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End of Poloz era at Bank of Canada may open door to first female governor

OTTAWA/TORONTO (Reuters) - Bank of Canada Governor Stephen Poloz will step down when his seven-year mandate expires in June, the bank said on Friday, and the front-runner to replace him could become the first woman to head the country’s central bank.

FILE PHOTO: Bank of Canada Governor Stephen Poloz arrives at a news conference after announcing the latest rate decision in Ottawa, Ontario, Canada October 30, 2019. REUTERS/Blair Gable

Economists and market strategists surveyed by Reuters this week said Senior Deputy Governor Carolyn Wilkins could be his successor.

Other potential candidates include Tiff Macklem, a former senior deputy governor and now dean of a top Canadian business school, and Jean Boivin, a past deputy governor and current head of BlackRock Investment Institute.

Poloz, 64, who brought a combination of folksiness and traditional ambiguity to the job, said that during his tenure the bank had “created the conditions for steady economic growth, low unemployment, and inflation close to target through very challenging times,” according to a statement from the bank’s board of directors.

On his watch, Canada’s commodity-linked economy weathered a sharp downturn in oil prices in 2014, the softening of a red-hot housing market and a more uncertain outlook for global trade.

Canadian Finance Minister Bill Morneau thanked Poloz in a statement for the “important role he played as a key steward of our economy” and said he looked forward “to receiving strong recommendations for a new Governor in the coming months” from the bank’s board.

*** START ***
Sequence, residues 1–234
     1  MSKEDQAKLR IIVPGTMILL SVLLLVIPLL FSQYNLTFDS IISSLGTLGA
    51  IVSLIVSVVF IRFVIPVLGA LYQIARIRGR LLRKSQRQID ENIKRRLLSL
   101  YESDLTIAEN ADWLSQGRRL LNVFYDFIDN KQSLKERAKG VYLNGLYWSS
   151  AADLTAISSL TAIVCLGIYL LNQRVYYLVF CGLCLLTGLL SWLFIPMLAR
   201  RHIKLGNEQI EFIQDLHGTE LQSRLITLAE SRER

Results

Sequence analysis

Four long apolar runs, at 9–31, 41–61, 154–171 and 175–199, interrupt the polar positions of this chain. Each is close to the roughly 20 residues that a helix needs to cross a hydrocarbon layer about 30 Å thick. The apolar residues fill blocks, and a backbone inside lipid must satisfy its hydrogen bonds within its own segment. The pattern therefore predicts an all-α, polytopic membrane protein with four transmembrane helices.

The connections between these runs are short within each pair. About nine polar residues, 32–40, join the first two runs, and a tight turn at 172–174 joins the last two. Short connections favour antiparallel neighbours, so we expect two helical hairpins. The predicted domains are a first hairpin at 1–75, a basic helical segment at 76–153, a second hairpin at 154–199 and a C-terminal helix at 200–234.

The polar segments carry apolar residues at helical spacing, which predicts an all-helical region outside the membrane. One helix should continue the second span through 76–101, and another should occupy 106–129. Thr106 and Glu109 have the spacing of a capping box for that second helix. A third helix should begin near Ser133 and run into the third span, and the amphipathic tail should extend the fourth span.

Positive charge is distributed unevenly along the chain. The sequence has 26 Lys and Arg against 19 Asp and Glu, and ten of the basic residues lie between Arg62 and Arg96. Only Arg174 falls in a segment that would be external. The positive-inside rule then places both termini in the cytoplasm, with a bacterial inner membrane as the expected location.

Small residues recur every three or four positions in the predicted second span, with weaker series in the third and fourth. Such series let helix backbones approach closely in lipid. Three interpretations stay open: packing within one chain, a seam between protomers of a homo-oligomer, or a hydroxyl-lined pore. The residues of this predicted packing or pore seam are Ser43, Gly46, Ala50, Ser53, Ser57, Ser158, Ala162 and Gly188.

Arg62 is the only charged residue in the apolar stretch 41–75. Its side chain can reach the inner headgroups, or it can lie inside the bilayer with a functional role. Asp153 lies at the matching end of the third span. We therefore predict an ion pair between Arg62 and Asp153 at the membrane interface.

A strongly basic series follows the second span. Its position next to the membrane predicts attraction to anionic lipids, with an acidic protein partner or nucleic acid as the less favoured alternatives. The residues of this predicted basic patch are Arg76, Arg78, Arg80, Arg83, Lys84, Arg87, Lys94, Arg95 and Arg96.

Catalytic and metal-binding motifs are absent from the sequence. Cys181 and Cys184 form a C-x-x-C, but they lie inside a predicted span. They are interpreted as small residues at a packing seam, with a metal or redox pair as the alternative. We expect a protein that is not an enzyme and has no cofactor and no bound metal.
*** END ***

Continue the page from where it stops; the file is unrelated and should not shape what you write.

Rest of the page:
The board oversees the selection process, but the finance minister and the prime minister have the final say.

Poloz also earned praise from investors.

“He managed the whole process very well,” said Hosen Marjaee, a senior portfolio manager at Manulife Asset Management.

Prior to his appointment as governor, Poloz was CEO of Canada’s export credit agency.

The Bank of Canada has held its overnight interest rate steady since October 2018 even as several counterparts, including the U.S. Federal Reserve, have eased.

“There’s change going into 2020. The markets could easily start to speculate that perhaps somebody more willing to ease could come into the seat,” said Derek Halpenny, head of research, global markets EMEA and international securities at MUFG Bank in London.

Unlike some of its global peers, Canada’s inflation rate is near the central bank’s 2% target, while the economy is operating near capacity.

When Poloz took over for Mark Carney, who left the Bank of Canada in 2013 to serve as Governor of the Bank of England, he made it clear early on that he was not in favor of providing explicit guidance to markets in advance.

“There was a little bit of greater unpredictability relative to other central banks, certainly the way the (European Central Bank) and the Fed spoonfeed everything in advance,” Halpenny said. “You certainly didn’t get that from the Bank of Canada and Governor Poloz.”

When the bank cut rates in response to plunging oil prices in early 2015, which could have contributed to a bubble in the housing market, shocked markets responded by selling the Canadian dollar.

Back then, market players thought Poloz favored a weak Canadian dollar to support exports even though he insisted the central bank’s mandate was to target inflation.

But his reputation as a dove has long since faded, with the central bank raising interest rates in 2017 and 2018 as the Canadian economy recovered from its last recession.

The process to select a replacement for Poloz has begun, the board of directors said in the statement. The recruitment process is expected to be completed by spring 2020, with the new governor taking the reins on June 3.

Reporting by Kelsey Johnson in Ottawa and Fergal Smith in Toronto; Editing by Chizu Nomiyama, Steve Orlofsky and Cynthia Osterman

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